Genetic maps are usually the starting point for many types of genetic analysis. They are one-dimensional representations of genetic inheritance across a chromosome. Genetic maps frequency are commonly inferred from estimates of a hidden Markov model (HMM) since only the expression and not the transmission of genetic information is observed. No general approaches exist for assessing the uncertainty of the map.
In this talk, we will obtain genetic maps and associated uncertainty for data arising from high-throughput sequencing (HTS). HTS technology provides high density data from a large numbers of individuals in a cost- and time-efficient manner. However, the observed data from HTS are more error prone than previous technologies. We first extend the HMM to account for error introduced by HTS. We then use a Bayesian approach to obtain reliable measures of uncertainty for many features of the resulting map.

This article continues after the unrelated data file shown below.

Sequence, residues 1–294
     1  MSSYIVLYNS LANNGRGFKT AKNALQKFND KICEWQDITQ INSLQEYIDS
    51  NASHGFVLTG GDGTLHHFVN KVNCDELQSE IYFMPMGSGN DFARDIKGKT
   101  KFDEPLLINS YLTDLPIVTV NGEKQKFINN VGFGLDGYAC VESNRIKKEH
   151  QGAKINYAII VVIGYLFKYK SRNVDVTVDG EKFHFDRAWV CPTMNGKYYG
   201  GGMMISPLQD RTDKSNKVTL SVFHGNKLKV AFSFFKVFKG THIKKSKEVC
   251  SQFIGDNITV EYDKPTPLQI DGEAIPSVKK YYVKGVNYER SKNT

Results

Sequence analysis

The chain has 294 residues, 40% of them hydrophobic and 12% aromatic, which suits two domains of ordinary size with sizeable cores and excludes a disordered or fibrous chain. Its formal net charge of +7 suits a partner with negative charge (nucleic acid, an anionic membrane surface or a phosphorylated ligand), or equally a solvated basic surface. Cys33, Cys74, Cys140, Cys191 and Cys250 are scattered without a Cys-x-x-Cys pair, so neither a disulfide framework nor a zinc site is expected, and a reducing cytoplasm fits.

Bio:Matt Schofield is a Senior Lecturer at the University of Otago, via a postdoc with Andy Gelman at Columbia, whose primary research interests involve applying Bayesian hierarchical models to challenging programs in ecology, starting with capture-recapture modelling. He publishes across top journals in statistics and ecology, proposing ways forward when analysing new data types, and providing new perspectives on older problems.